GFM Network News

Young farmers spurred by fundamental human reasons: study

Land access the No. 1 obstacle to starting or continuing farming

Land access the No. 1 obstacle to starting or continuing farming

Young farmers’ motivations to farm despite the obstacles they face are striking and important, says an author of a new study from the University of Manitoba. Researcher Annette Desmarais said she was glad, perhaps a bit surprised to see young farmers wanted to farm so they could spend time with family, be closer to nature, and feel

Erny and Bev Hladun of Shoal Lake put commercialism on the back burner
 at Christmas.

Home for the holidays

For this couple, Christmas is all about family togetherness and fun

Stepping into the home of Erny and Bev Hladun is like stepping into Christmas itself. Evergreen garlands trimmed with red bows grace every possible space, and the smell of Christmas baking is in the air. In front of the living room stands a Christmas tree covered in an eclectic mix of decorations collected throughout the

Grandparents are key to keeping their grandchildren safe on the farm.

Keep your grandchildren safe on the farm

Grandparents are a vital building block in creating a family safety culture

If you talk to any grandparent, they say that having children was wonderful, but having grandchildren is pure joy. There’s nothing better than having a grandchild throw their arms around your neck and whisper “I love you.” These young people are a farm’s future and a grandparent’s legacy. It’s important that grandparents understand their role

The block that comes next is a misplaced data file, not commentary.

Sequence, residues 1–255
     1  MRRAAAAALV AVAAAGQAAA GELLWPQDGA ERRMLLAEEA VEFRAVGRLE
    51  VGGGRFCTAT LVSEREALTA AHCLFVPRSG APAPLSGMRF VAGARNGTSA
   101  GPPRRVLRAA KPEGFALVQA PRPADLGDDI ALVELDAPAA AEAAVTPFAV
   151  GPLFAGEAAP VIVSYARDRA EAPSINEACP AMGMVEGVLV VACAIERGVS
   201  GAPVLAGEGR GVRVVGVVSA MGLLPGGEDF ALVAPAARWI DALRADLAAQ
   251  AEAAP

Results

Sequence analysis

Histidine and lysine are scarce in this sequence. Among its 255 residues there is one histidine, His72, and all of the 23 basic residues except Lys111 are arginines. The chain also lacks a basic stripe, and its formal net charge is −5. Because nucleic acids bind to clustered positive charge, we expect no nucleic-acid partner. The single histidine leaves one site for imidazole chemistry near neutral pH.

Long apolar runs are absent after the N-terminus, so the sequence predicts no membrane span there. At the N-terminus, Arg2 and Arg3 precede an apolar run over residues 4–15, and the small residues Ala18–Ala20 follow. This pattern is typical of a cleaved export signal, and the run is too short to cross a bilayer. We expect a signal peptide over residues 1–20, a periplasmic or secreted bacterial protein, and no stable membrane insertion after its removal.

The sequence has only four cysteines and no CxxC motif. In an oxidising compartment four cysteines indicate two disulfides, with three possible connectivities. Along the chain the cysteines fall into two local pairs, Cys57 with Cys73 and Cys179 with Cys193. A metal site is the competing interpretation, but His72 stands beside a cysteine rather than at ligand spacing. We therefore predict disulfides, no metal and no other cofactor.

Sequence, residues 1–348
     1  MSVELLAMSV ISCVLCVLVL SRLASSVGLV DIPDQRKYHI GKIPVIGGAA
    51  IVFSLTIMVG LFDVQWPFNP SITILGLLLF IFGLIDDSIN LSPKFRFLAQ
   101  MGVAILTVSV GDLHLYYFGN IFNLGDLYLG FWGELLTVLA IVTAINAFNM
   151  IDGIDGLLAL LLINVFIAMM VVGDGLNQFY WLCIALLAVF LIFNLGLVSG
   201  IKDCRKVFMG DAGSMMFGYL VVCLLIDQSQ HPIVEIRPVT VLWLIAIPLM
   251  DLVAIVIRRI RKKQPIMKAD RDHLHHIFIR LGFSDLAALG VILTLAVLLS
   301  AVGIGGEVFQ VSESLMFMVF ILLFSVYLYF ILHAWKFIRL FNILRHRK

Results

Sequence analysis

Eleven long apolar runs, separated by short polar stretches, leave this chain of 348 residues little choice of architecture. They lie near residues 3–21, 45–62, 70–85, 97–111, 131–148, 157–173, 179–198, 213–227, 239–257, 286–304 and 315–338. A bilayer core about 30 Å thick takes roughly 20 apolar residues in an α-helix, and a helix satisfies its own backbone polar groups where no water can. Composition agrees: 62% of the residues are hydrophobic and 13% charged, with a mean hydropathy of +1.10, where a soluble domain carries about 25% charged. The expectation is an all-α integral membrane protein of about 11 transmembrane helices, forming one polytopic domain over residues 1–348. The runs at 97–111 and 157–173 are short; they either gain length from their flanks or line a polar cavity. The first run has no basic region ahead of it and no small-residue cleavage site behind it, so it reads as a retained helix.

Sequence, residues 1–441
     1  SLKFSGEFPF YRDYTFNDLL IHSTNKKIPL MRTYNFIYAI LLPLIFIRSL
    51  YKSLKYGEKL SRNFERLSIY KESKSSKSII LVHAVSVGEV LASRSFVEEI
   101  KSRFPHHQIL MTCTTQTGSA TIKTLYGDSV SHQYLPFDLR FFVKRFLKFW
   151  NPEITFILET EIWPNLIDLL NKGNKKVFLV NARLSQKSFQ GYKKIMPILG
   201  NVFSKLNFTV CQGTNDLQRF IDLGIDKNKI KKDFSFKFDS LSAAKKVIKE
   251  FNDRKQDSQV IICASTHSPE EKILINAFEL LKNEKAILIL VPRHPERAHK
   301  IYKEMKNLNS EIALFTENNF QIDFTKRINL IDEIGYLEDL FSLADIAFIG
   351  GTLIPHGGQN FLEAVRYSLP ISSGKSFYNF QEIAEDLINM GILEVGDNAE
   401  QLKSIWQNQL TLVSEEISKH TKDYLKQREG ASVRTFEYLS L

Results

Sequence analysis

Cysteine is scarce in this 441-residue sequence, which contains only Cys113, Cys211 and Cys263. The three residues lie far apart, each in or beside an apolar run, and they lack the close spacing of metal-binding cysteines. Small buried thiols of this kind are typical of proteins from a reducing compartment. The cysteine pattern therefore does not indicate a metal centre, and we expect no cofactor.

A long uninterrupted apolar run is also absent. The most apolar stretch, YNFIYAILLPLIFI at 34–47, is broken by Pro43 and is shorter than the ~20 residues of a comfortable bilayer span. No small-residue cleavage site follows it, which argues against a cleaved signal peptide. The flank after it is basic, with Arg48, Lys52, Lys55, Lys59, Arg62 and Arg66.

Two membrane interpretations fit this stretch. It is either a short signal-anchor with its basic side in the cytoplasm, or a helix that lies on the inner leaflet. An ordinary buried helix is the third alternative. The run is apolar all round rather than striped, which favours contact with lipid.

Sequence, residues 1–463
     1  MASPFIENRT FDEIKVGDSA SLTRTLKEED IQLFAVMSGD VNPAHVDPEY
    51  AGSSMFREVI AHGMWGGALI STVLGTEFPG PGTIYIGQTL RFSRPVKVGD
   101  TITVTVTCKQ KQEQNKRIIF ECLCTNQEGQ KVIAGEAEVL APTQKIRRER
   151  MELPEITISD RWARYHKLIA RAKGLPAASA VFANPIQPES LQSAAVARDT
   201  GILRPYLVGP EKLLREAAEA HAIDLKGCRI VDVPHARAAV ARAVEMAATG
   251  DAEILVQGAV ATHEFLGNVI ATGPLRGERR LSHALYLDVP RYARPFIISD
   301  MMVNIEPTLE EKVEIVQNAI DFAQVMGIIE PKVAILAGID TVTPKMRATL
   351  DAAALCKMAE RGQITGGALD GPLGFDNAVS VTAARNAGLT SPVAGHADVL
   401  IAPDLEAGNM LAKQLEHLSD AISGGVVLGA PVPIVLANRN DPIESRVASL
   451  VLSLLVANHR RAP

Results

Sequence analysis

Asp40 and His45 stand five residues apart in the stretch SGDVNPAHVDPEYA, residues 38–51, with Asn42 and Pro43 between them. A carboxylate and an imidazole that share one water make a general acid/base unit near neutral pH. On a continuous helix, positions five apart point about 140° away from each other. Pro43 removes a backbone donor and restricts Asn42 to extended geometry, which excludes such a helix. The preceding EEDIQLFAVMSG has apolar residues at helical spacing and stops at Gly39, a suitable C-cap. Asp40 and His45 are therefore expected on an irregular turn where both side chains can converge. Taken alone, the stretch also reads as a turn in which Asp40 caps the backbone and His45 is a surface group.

Talk to family, friends about farming

This holiday season Melodie Chan wants producers to avoid what she calls the “spiral of silence,” which can happen around the dinner table, over beers or even in the gentle lull between turkey and pie if farmers don’t speak up when they hear misinformation about agriculture. “What are we afraid of?” asked Chan, speaking at

Ten things farm moms really want

It would be fun for you to be a fly on the wall of my office when the calls from farm moms come in. They range in age from 33 to 93. Regardless of your age or stage as a farm mom, I bet there are things that you would like to be able to

Editorial: A farm Christmas

There’s something about the phrase “Christmas at the farm” that still captures the imagination. I see it every time I tell someone our holiday plans. They get a nostalgic look in their eyes even though some have never experienced it. It seems like everyone has a picture of what that would look and feel like

Beef 911: Rectal palpation versus ultrasound for pregnant cows

Both methods have advantages, but the key is having reproductive exams at least once a year

Both rectal palpation and ultrasounding for pregnancy have advantages depending on their intended application, and both require a skilled veterinarian performing the pregnancy exam to get accurate results. I will outline the pros and cons of each method so you can see how to best fit them into your farming operation, and dispel some myths

Small Popsicles For Small Kids

When making popsicles for the grandchildren, the regular size is usually so big most of it melts before the toddlers can finish them, with the juice dripping onto their clothing and creating stains. Try this instead: Prescription pill bottles (which most grandmas seem to acquire in abundance) have an insert in the lid to make

T – for Sep. 23, 2010

o the very end of his life, our father was a farmer. For Jerry, there was nothing else; no other calling had any more value, worth or meaning than farming. He was as rooted into the black soil that he farmed as were the crops that he raised year after year. For Jerry, farming wasn’t

Report Looks At Long-Distance Care Giving

More Canadians drive farther to care for aging relatives, says a new report documenting more missed work days and increased expenses of those thrust into role of caring for an elderly person living more than an hour’s drive away. Using data from the 2007 General Social Survey, the study found about 1.65 million people over